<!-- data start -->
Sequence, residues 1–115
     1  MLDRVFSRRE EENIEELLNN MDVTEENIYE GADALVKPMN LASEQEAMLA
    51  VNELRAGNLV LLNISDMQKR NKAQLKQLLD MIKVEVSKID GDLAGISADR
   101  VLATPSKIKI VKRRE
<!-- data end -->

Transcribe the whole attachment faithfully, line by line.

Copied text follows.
Sequence, residues 1–115
     1  MLDRVFSRRE EENIEELLNN MDVTEENIYE GADALVKPMN LASEQEAMLA
    51  VNELRAGNLV LLNISDMQKR NKAQLKQLLD MIKVEVSKID GDLAGISADR
   101  VLATPSKIKI VKRRE